Monthly Archives: January 2014

Can we solve the sustainable prosperity paradox?

n553084054_1498931_518530We’ve arrived at the perfect storm of economic, environmental, social and political challenges aimed squarely at the status quo. Much of the industrial era type work is falling victim to technological unemployment. Add to that the problem that business as usual is usually bankruptcy bound and best practice is often an ecological disaster, what can we do to solve the apparent contradiction that is sustainable prosperity?

A hundred years ago, the 99% were entrepreneurs and it looks like an entrepreneurial revival is the only thing that’s going to make life prosperous again. There is a common misconception that an entrepreneur is a label for somebody who creates new businesses, when really it’s a set of behaviours. Entrepreneurial skills are innate but are industrialised out of people from an early age by top down hierarchical management systems. This process begins in the education system, continues in the workplace and is reinforced by the social, economic and political systems all the way through life.

But entrepreneurial skills can be relearnt or more correctly, unleashed again because those skills are lying dormant everywhere in society, waiting for the right environment to flourish. These skills can be utilised within pre-existing organisations to produce innovative new products, services and businesses or for creating new ventures altogether.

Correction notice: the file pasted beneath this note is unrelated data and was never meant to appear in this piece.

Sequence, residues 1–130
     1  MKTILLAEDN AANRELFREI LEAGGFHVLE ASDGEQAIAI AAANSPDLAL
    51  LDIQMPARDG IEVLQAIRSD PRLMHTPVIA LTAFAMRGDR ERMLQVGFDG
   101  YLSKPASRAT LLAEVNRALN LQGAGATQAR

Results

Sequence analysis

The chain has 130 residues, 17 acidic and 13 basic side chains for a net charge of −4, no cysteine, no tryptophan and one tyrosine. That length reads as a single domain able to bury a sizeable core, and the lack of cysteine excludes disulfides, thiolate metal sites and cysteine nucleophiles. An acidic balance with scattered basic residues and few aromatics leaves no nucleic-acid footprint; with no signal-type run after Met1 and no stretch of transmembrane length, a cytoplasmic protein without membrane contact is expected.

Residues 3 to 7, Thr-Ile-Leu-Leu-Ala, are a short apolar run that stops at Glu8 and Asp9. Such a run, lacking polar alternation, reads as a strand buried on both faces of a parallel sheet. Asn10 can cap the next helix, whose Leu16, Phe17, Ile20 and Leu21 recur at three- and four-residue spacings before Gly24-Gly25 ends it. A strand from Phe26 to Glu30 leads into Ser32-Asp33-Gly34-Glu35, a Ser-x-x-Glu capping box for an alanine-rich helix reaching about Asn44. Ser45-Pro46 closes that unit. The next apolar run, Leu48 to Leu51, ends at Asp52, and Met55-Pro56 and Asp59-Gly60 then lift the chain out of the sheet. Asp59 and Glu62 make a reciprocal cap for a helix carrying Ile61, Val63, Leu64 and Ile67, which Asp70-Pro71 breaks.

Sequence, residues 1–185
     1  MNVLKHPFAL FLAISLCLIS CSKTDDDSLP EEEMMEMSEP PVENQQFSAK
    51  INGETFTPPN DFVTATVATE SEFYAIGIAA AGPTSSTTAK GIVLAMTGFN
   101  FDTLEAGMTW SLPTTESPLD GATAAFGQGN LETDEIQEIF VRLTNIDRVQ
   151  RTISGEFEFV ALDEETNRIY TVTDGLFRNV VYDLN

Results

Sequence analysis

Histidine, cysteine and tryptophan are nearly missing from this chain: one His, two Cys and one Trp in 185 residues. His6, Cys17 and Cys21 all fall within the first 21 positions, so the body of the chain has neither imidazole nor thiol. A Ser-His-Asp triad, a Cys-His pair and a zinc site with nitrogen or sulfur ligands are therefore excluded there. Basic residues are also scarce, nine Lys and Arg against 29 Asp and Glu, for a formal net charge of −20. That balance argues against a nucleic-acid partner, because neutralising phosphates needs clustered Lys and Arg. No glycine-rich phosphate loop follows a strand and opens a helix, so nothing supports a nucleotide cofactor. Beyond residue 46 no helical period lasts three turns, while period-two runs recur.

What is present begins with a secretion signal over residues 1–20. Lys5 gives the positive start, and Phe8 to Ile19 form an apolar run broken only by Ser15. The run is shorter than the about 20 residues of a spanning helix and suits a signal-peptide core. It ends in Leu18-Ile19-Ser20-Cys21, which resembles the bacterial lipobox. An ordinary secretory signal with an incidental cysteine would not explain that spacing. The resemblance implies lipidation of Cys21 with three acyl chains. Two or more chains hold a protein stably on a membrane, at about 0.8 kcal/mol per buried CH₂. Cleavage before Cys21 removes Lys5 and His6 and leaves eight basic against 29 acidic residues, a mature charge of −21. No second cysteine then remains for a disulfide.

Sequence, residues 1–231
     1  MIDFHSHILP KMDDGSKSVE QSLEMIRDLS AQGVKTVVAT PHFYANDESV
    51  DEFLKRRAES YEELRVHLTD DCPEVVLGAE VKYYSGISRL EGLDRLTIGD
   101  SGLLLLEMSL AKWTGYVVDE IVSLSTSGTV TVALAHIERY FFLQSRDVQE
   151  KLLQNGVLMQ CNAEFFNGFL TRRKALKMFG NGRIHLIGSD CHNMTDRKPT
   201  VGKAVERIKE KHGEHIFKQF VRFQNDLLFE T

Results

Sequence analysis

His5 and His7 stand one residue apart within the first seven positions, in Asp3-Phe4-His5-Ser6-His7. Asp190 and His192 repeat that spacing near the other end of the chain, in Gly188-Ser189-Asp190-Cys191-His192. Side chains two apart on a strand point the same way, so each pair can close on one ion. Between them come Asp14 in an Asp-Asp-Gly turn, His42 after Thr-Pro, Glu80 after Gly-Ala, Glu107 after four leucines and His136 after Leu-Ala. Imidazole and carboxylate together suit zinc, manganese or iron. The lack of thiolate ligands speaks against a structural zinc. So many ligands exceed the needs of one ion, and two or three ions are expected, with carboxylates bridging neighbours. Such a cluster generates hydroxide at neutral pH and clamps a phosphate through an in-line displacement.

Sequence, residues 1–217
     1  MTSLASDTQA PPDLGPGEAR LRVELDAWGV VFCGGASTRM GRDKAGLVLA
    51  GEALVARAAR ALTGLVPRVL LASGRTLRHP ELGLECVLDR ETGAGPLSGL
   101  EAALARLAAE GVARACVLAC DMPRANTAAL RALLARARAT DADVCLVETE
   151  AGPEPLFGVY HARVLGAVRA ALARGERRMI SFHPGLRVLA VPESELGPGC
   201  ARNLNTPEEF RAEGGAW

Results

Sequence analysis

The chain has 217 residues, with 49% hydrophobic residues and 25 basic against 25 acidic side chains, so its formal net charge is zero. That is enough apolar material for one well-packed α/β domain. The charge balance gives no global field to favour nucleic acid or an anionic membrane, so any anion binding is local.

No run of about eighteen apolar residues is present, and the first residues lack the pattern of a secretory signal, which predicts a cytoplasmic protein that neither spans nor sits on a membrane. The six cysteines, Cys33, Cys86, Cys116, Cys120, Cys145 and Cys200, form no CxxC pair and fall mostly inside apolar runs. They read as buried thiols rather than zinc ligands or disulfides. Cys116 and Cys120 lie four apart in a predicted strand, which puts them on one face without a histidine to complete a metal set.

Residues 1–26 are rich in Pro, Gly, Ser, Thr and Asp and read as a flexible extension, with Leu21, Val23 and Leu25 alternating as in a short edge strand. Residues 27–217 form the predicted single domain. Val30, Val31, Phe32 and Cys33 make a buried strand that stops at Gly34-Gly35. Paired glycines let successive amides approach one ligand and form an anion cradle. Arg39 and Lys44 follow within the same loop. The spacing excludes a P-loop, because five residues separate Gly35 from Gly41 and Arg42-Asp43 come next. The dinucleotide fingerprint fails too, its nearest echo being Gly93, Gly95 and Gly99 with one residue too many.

I call the traits of entrepreneurialism the ‘If in doubt…SOAR!’ complex. As Einstein pointed out, you can’t really solve a problem from the same level as the problem was created, so if we’re going to solve the sustainable prosperity paradox, then we’re going to have to rise above our current thinking. Entrepreneurs see something in their environment which they can improve on and get stuck in.

Entrepreneurial thinking can uncover fundamental Solutions which transforms current behaviours. In order to do that it helps to be Open minded so we can gather new information, collaborate and cross fertilise ideas so we can come up with innovative ideas. Adaptable because we may have to experiment with a few different potential solutions before hitting the jackpot. So in order for us to get through the challenging times, we must be Resilient, constantly researching and rebounding from setbacks until we succeed.  But if we’re not mindful of the values behind the behaviours or operate in an environment which promotes scarcity and exclusion; then entrepreneurial behaviour can lead to less than healthy consequences.

Research has linked the behaviours displayed by drug dealers as being similar to entrepreneurs. A former drug dealer whose luck had run out with the authorities, transferred the skills gained from his former career into a software accountancy package which became hugely successful worldwide. But it’s not only the drug dealers of the world who get customers addicted to their wares for the sake of profits.

 

Another example – other than the obvious tobacco barons – is the food industry. They experimented with the addictive qualities of sugar and fats, then loaded up their products with them. To maintain profits they’ve created an obesity epidemic.